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Is there anyway I can make this database code any shorter ? It works fine, but seems very verbose and repetitive. Wrapping some of it in a method would be better I suppose, but is there other improvement that could be made to shorten it ?

using (IDbConnection theConn = GetDatabaseConnection())
using (IDbCommand theCmd = theConn.CreateCommand())
    theCmd.CommandText = @"INSERT INTO table(one, two, three,four)
                                   VALUES (@one,@two,@three,@four)";
    var parameterOne = theCmd.CreateParameter();
    parameterOne.ParameterName = "@one";
    parameterOne.Value = "text";

    var parameterTwo = theCmd.CreateParameter();
    parameterTwo.ParameterName = "@two";
    parameterTwo.Value = "text";

    var parameterThree = theCmd.CreateParameter();
    parameterThree.ParameterName = "@three";
    parameterThree.Value = "text";

    var parameterFour = theCmd.CreateParameter();
    parameterFour.ParameterName = "@four";
    parameterFour.Value = "text";

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A small solution I had written:… – nawfal Nov 10 '12 at 13:44
up vote 5 down vote accepted

If you don't want use a full OR/M why dont try Dapper?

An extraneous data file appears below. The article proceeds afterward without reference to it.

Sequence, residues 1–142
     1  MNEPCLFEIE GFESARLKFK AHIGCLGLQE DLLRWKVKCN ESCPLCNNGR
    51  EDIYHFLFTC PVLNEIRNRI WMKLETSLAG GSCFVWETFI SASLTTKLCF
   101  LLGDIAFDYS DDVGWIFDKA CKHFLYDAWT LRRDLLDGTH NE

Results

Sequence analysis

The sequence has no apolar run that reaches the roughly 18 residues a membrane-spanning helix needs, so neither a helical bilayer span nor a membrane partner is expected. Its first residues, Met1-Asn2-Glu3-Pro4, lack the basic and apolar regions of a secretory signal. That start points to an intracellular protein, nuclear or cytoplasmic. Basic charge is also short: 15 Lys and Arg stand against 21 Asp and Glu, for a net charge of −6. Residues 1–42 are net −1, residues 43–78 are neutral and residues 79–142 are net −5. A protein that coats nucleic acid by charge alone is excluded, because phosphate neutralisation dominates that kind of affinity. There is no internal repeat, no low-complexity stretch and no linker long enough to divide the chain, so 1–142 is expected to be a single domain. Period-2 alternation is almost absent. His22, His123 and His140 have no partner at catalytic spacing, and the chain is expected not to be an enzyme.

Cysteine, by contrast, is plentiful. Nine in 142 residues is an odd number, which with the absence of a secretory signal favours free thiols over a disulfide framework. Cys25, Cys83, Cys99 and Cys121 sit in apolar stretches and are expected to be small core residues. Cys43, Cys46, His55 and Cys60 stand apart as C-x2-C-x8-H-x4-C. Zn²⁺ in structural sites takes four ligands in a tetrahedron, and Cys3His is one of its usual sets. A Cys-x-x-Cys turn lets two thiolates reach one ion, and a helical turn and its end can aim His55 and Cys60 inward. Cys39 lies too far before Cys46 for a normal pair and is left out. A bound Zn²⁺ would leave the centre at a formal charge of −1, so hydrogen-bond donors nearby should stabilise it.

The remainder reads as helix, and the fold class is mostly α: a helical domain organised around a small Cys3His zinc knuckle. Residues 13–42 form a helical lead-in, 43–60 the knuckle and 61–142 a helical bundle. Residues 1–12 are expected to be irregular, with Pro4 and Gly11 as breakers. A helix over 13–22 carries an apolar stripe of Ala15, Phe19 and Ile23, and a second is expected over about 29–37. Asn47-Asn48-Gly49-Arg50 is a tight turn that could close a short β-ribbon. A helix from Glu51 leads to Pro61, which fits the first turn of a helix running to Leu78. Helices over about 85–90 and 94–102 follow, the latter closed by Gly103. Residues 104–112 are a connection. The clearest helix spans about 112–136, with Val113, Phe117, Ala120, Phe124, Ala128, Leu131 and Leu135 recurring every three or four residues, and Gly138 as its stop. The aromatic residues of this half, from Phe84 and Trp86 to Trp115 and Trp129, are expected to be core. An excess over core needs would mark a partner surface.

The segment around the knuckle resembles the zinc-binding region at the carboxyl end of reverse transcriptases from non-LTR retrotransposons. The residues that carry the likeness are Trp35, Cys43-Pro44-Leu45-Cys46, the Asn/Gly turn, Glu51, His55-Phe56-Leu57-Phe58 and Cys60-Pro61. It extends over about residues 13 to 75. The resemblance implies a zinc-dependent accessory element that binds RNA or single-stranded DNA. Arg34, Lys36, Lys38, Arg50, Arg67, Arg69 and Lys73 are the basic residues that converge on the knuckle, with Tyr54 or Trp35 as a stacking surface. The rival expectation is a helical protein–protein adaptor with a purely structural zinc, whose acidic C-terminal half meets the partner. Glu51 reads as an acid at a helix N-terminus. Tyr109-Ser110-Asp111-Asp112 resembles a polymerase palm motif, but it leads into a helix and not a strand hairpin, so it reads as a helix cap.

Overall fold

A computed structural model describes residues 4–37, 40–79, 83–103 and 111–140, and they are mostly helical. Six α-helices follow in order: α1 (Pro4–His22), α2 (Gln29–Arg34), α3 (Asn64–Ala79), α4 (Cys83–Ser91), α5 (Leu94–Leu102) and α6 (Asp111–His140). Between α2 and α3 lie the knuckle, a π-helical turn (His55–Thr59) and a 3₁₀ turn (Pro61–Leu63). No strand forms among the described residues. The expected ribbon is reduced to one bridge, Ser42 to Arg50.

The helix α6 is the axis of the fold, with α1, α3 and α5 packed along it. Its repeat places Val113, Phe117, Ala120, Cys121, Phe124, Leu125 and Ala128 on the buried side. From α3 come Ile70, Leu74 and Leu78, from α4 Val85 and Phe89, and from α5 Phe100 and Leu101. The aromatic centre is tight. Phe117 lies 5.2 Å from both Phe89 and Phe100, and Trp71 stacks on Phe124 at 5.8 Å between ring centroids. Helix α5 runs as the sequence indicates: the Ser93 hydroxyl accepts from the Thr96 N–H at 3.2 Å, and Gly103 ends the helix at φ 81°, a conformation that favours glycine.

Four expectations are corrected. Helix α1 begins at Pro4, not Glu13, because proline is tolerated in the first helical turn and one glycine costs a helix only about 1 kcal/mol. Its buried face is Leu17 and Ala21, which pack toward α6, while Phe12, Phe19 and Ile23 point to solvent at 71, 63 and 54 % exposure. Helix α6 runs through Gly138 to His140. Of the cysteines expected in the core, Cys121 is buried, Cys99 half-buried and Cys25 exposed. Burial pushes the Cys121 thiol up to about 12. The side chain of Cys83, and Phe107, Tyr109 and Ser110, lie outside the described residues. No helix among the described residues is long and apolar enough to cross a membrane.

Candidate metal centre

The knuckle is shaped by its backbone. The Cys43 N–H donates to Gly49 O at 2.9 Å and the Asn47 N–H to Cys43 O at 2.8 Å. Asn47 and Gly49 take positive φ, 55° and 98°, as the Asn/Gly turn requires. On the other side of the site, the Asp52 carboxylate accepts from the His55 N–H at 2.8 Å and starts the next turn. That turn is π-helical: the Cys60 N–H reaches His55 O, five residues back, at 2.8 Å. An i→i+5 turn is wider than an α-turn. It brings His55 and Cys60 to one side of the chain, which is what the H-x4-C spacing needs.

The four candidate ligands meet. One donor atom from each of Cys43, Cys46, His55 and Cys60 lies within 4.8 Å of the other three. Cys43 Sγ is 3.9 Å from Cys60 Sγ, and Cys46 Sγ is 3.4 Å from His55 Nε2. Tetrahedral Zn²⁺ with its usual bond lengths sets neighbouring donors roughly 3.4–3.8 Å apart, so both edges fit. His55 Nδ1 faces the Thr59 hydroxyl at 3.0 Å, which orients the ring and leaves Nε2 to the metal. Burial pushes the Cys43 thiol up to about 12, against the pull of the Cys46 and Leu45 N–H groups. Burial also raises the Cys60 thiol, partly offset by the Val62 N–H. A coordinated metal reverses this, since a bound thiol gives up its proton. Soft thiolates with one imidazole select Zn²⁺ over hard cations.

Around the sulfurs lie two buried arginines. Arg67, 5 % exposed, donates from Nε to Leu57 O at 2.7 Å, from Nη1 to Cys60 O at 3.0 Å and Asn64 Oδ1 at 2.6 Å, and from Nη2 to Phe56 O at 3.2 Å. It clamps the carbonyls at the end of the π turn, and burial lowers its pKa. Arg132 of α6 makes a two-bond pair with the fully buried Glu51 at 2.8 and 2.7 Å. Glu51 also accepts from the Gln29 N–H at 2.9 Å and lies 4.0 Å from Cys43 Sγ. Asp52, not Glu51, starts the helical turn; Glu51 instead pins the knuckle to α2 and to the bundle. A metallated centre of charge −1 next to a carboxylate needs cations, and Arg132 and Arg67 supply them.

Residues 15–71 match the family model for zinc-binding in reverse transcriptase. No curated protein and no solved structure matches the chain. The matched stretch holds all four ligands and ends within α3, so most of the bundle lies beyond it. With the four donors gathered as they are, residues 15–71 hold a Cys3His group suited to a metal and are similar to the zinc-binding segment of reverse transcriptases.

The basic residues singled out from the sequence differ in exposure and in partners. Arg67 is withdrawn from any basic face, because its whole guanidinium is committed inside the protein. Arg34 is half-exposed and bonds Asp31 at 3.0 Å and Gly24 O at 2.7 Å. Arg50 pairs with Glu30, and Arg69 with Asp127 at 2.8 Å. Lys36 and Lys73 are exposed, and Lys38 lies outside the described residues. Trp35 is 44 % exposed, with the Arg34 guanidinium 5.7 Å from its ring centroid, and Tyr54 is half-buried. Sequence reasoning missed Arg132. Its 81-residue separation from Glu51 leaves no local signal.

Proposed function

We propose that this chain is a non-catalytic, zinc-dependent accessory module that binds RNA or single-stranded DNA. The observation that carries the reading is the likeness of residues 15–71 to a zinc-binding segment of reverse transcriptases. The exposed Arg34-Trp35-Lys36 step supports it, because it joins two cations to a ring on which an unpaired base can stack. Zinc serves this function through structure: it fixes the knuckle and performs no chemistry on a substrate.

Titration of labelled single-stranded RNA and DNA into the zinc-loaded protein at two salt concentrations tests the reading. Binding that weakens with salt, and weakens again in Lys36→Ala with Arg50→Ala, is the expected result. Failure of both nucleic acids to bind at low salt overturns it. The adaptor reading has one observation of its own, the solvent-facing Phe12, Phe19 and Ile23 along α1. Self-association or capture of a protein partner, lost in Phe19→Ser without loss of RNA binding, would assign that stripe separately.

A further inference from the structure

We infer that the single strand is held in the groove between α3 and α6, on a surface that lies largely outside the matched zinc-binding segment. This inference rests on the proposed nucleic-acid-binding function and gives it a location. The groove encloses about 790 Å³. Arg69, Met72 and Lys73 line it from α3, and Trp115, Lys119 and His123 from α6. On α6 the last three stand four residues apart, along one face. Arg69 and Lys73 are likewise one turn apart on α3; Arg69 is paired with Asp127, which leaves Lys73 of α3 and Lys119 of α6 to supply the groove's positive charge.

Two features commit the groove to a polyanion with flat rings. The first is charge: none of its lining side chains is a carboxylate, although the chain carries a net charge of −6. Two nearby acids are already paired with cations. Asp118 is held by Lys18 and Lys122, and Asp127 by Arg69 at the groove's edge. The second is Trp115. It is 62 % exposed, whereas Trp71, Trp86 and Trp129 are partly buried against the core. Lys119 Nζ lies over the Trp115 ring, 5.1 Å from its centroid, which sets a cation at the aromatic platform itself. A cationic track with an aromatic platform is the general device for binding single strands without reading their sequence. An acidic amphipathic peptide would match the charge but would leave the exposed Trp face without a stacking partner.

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Interesting, I wasn't aware of that. Thanks! – mikel Nov 11 '11 at 8:24

If you are looking for a general change, I recommend using the Microsoft Entity Framework (or any other OR/M). This will result in much less code as you do not have to write this kind of low level code again. And it works well with many, many databases. You can change the underlying database with relatively small changes.

If you are just looking for a change in this particular method, well, then I'd just go with the solution you already mentioned yourself. Go ahead and refactor each repeating paragraph into a method.


var parameterOne = theCmd.CreateParameter();
parameterOne.ParameterName = "@one";
parameterOne.Value = "text";

Into (for example):

private void addParameter(IDbCommand theCmd, string paramName, string paramValue )
    var createdParameter = theCmd.CreateParameter();
    createdParameter.ParameterName = paramName;
    createdParameter.Value = paramValue ;

Also, when calling the mmethod, I prefer defining some constants for the parameter names instead of writing the string each time again. This spares me of spelling mistakes.

Define them in an appropriate scope, like as class members, if you use them in more than this method (which I guess will sure be the case).

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